Sister Love: The Letters of Audre Lorde and Pat Parker 1974–1989 (Sapphic Classics)
“a book that speaks loudly to black lesbians and to anyone who dares to love fiercely.”
There was a time when people didn’t read a person’s mail or diary. One respected private matters and window shades. People made love in the dark. We are therefore fortunate to have the published correspondence between two important black lesbian writers, especially during these times of a new women’s movement and the daily presence of email, Facebook and Twitter.
So what are we to make of snail mail once called letters? The letters exchanged between Pat Parker (1944–1989) and Audre Lorde (1934–1992) should be viewed as a roadmap and guide into their consciousness and friendship. Their letters are cups of tea and lemon ready for their admirers and scholars who wish to know more about their lives.
For 15 years the two women who made a significant contribution to feminist, black lesbian and queer culture exchanged letters and postcards. Editor Julie R. Enszer presents the correspondence in chronological order and includes an August 20, 1979, letter from Laura Brown (Parker’s partner in the 1970s) who wrote to Audre Lorde thanking her for composing a letter of support on behalf of Brown and Parker who were attempting to adopt a child. Near the end of Sister Love there is a letter Lorde sent to Martha “Marty” Durham following Parker’s death on June 17, 1989.
It is Durham, Parker’s lover who is responsible for placing Pat Parker’s letters in order and giving them to the Schlesinger Library. Enszer, the editor of Sister Love provides excellent footnotes to the correspondence. The footnotes are similar to a bass player accentuating and underscoring a musical composition, often adding clarity and important historical and personal context.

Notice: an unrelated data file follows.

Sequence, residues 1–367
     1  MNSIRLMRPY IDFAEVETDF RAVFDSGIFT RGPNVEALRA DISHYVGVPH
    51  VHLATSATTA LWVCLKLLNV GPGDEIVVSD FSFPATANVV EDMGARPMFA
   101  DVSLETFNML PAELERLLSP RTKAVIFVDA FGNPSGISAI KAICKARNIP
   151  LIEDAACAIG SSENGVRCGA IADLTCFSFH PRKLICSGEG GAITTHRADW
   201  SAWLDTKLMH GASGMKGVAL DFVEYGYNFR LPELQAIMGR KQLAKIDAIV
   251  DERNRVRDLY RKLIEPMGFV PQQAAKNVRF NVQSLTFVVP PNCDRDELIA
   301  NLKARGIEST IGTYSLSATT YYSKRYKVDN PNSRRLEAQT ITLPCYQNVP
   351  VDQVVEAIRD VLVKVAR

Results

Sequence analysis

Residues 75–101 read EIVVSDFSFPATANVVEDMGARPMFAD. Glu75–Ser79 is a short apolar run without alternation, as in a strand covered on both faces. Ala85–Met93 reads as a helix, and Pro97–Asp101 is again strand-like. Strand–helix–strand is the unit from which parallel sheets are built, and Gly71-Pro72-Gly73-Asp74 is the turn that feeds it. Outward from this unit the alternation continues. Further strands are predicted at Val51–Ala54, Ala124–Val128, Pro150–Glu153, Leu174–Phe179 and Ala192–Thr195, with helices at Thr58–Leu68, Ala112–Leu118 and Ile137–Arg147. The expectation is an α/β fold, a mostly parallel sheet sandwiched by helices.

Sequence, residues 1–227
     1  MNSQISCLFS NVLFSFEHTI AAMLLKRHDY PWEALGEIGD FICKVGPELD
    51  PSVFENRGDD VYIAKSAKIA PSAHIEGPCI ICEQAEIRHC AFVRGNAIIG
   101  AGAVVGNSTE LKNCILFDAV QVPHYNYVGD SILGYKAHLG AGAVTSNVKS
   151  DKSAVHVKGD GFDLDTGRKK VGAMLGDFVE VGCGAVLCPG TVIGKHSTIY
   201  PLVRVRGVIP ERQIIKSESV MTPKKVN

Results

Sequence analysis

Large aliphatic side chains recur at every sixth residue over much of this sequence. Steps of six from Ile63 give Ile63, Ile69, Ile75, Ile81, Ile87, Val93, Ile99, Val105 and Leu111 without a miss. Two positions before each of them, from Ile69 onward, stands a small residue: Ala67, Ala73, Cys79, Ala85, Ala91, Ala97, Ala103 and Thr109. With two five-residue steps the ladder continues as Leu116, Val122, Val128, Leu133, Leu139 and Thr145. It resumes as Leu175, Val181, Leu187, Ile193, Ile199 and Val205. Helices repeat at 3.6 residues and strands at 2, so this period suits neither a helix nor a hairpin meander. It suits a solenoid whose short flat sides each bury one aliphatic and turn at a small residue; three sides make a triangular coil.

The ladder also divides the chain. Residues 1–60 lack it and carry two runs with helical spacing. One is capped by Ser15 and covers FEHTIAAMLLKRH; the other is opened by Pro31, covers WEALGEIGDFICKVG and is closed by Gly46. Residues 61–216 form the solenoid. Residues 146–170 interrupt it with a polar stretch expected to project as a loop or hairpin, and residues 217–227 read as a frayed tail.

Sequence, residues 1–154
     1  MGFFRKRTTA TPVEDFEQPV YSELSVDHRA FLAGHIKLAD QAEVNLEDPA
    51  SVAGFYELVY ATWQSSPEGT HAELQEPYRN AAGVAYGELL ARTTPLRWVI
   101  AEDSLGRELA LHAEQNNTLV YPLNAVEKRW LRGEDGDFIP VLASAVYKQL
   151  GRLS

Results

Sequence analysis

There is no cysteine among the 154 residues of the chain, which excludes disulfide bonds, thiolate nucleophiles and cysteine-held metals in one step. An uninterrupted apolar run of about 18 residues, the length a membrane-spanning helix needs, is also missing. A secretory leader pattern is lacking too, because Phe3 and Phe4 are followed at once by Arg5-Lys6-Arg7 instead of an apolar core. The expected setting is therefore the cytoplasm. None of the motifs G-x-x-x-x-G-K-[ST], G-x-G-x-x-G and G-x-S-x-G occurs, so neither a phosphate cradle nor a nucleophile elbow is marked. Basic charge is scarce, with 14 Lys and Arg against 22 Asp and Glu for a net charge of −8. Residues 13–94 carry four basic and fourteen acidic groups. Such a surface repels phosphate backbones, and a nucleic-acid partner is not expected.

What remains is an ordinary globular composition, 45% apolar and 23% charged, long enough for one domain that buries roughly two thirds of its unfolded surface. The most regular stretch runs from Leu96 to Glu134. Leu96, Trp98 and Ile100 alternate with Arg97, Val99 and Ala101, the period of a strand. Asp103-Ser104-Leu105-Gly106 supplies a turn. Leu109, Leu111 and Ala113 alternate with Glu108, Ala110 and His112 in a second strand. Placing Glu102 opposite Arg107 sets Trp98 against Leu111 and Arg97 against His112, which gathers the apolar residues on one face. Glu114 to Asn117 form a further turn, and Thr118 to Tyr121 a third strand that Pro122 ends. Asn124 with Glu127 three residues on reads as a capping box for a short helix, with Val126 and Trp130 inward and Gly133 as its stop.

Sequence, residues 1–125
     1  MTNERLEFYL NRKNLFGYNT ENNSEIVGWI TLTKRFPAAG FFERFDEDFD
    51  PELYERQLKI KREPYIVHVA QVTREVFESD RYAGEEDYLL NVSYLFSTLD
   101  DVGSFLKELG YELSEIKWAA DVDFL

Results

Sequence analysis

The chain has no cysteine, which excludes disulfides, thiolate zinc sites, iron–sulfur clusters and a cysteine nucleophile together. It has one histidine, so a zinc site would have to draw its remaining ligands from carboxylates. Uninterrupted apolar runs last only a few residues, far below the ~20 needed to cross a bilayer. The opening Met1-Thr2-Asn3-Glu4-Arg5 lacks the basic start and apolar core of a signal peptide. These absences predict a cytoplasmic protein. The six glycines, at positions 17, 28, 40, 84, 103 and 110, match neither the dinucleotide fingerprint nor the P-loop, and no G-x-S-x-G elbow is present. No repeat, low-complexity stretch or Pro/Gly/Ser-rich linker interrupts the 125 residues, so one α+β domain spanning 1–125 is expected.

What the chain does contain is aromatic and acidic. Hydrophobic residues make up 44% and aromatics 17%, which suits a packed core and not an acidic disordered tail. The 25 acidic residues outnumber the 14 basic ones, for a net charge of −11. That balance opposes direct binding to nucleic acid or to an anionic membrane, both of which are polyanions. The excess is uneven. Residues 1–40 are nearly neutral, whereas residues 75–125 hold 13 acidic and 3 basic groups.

When Pat Parker is diagnosed with breast cancer the book reads almost like a companion text to The Cancer Journals written by Audre Lorde in 1980, eight years before Parker’s letter of January 4, 1988. In her letter Parker opens by using the greeting “Sister Love” and then she begins her first sentence:
“I have no idea where to begin this letter.”
What will follow this line is the type of intimacy found in letters that surpasses the “reconstructed voice” presented in memoirs. Parker writes about the physical pain which came after her mastectomy. We feel her reaching out to Lorde in order not to be alone. Lorde responds on February 6, 1988, with words that will resonate with anyone battling cancer:
“You are a survivor, Pat, and that battle on a physical level is now braided into our lives, but the war is not alien, now is it? You and me we’ve been fighting all our lives.”
Sister Love is a book of solidarity and friendship. It is a book about two women sharing tips about the writing life and their love for teaching. It is a book in which women talk about their children as well as their lovers. It’s a book that speaks loudly to black lesbians and to anyone who dares to love fiercely.